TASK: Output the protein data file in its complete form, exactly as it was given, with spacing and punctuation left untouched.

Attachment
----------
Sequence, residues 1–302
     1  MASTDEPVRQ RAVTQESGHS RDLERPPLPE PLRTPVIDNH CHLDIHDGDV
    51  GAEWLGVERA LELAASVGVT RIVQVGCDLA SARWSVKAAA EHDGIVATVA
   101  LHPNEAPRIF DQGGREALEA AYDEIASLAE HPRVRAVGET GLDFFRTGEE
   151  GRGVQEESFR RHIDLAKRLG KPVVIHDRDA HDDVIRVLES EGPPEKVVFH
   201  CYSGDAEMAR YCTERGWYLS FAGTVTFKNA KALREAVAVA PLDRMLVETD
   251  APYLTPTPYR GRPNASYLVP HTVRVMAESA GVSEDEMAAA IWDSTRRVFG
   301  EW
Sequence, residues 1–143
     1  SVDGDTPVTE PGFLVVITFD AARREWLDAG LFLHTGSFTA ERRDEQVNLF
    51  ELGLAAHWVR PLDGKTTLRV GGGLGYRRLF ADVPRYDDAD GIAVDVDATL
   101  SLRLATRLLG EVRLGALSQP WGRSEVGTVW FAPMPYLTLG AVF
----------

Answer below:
Sequence, residues 1–302
     1  MASTDEPVRQ RAVTQESGHS RDLERPPLPE PLRTPVIDNH CHLDIHDGDV
    51  GAEWLGVERA LELAASVGVT RIVQVGCDLA SARWSVKAAA EHDGIVATVA
   101  LHPNEAPRIF DQGGREALEA AYDEIASLAE HPRVRAVGET GLDFFRTGEE
   151  GRGVQEESFR RHIDLAKRLG KPVVIHDRDA HDDVIRVLES EGPPEKVVFH
   201  CYSGDAEMAR YCTERGWYLS FAGTVTFKNA KALREAVAVA PLDRMLVETD
   251  APYLTPTPYR GRPNASYLVP HTVRVMAESA GVSEDEMAAA IWDSTRRVFG
   301  EW
Sequence, residues 1–143
     1  SVDGDTPVTE PGFLVVITFD AARREWLDAG LFLHTGSFTA ERRDEQVNLF
    51  ELGLAAHWVR PLDGKTTLRV GGGLGYRRLF ADVPRYDDAD GIAVDVDATL
   101  SLRLATRLLG EVRLGALSQP WGRSEVGTVW FAPMPYLTLG AVF